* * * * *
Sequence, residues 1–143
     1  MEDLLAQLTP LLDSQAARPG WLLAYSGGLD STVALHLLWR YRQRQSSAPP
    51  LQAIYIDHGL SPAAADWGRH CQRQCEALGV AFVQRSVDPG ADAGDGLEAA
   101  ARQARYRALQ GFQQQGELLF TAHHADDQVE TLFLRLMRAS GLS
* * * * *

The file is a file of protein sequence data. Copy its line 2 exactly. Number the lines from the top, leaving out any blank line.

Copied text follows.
     1  MEDLLAQLTP LLDSQAARPG WLLAYSGGLD STVALHLLWR YRQRQSSAPP